Emergency physicians accurately interpret video capsule endoscopy findings in suspected upper gastrointestinal hemorrhage: A video survey

Andrew C. Meltzer, Carrie Pinchbeck, Sarah Burnett, Rasha Buhumaid, Payal Shah, Ru Ding, David E. Fleischer, Ian M. Gralnek

Research output: Contribution to journalReview articlepeer-review

16 Scopus citations


Background Acute upper gastrointestinal (GI) hemorrhage is a common emergency department (ED) presentation whose severity ranges from benign to life-threatening and the best tool to risk stratify the disease is an upper endoscopy, either by scope or by capsule, a procedure performed almost exclusively by gastroenterologists. Unfortunately, on-call gastroenterology specialists are often unavailable, and emergency physicians (EPs) currently lack an alternative method to endoscopically visualize a suspected acute upper GI hemorrhage. Recent reports have shown that video capsule endoscopy is well tolerated by ED patients and has similar sensitivity and specificity to endoscopy for upper GI hemorrhage. Objectives The study objective was to determine if EPs can detect upper GI bleeding on capsule endoscopy after a brief training session. Methods A survey study was designed to demonstrate video examples of capsule endoscopy to EPs and determine if they could detect upper GI bleeding after a brief training session. All videos were generated from a prior ED-based study on patients with suspected acute upper GI hemorrhage. The training session consisted of less than 10 minutes of background information and capsule endoscopy video examples. EPs were recruited at the American College of Emergency Physicians Scientific Assembly in Denver, Colorado, from October 8, 2012, to October 10, 2012. Inclusion criteria included being an ED resident or attending physician and the exclusion criteria included any formal endoscopy training. The authors analyzed the agreement between the EPs and expert adjudicated capsule endoscopy readings for each capsule endoscopy video. For the outcome categories of blood (fresh or coffee grounds type) or no blood detected, the sensitivity and specificity were calculated. Results A total of 126 EPs were enrolled. Compared to expert gastroenterology-adjudicated interpretation, the sensitivity to detect blood was 0.94 (95% confidence interval [CI] = 0.91 to 0.96) and specificity was 0.87 (95% CI = 0.80 to 0.92). Conclusions After brief training, EPs can accurately interpret video capsule endoscopy findings of presence of gross blood or no blood with high sensitivity and specificity.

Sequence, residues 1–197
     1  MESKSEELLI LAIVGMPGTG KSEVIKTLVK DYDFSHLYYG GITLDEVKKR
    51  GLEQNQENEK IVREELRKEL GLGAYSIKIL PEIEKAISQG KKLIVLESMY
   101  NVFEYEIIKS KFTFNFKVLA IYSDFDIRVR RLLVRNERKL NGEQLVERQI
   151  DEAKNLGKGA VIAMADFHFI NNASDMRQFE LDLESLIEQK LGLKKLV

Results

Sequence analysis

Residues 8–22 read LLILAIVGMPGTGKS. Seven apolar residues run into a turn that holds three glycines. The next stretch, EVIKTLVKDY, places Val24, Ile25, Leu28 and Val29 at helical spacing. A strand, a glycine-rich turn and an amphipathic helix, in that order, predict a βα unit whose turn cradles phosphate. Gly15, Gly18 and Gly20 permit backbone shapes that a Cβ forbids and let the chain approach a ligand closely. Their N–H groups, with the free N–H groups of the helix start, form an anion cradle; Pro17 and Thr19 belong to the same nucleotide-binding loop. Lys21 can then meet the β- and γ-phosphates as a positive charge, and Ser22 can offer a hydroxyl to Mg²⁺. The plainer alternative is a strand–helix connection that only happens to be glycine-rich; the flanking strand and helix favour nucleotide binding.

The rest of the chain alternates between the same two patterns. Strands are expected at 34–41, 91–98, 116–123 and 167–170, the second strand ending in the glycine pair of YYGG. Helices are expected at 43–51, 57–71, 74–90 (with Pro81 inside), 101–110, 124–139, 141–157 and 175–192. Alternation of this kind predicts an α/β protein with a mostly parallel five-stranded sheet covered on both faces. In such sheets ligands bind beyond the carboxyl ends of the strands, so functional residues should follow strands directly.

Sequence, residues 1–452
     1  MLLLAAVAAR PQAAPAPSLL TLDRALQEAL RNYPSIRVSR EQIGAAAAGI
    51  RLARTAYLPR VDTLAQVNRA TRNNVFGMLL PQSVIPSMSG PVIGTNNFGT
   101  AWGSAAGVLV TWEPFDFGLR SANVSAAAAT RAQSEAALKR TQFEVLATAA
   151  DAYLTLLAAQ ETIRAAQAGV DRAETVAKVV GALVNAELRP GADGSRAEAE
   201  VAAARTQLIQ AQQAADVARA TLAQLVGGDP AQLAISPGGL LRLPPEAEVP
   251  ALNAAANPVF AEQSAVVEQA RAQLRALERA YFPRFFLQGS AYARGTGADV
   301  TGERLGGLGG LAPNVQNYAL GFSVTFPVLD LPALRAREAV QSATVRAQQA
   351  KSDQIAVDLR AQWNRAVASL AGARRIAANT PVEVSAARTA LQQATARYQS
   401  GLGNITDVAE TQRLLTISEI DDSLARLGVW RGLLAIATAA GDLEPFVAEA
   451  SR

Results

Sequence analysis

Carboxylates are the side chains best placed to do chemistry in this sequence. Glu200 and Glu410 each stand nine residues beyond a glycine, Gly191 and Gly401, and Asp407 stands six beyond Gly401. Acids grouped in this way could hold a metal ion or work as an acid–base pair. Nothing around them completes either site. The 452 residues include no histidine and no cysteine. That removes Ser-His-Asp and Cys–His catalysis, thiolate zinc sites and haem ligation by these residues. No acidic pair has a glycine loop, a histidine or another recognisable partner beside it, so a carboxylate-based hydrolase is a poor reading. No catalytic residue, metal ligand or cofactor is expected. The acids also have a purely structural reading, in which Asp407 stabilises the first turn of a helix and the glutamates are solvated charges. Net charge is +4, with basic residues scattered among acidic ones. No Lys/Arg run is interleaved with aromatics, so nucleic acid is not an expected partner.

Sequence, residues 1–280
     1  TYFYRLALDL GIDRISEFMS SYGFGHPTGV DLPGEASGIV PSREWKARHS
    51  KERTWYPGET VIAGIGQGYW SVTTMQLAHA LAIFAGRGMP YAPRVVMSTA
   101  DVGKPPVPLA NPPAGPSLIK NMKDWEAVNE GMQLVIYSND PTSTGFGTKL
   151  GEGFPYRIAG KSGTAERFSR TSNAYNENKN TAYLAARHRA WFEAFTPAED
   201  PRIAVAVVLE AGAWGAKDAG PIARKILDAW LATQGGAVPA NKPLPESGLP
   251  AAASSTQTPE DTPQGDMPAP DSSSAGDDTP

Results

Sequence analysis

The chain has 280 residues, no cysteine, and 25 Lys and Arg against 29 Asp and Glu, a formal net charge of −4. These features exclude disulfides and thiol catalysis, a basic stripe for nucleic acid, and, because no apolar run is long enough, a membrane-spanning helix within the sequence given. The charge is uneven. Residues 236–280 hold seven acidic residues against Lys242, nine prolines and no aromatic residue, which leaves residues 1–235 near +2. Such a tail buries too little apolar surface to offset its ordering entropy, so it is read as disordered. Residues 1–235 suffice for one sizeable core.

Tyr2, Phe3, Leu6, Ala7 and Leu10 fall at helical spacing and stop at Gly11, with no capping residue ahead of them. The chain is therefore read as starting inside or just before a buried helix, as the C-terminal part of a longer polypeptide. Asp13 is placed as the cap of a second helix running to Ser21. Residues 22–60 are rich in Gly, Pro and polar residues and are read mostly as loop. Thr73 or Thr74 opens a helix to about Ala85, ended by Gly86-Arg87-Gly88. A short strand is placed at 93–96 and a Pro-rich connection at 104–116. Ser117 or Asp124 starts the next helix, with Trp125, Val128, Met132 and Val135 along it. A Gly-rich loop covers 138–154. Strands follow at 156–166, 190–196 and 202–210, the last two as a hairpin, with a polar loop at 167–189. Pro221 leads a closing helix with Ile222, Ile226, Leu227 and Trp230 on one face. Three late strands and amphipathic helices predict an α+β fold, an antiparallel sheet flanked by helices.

Original languageEnglish (US)
Pages (from-to)711-715
Number of pages5
JournalAcademic Emergency Medicine
Issue number7
StatePublished - Jul 2013

ASJC Scopus subject areas

  • Emergency Medicine


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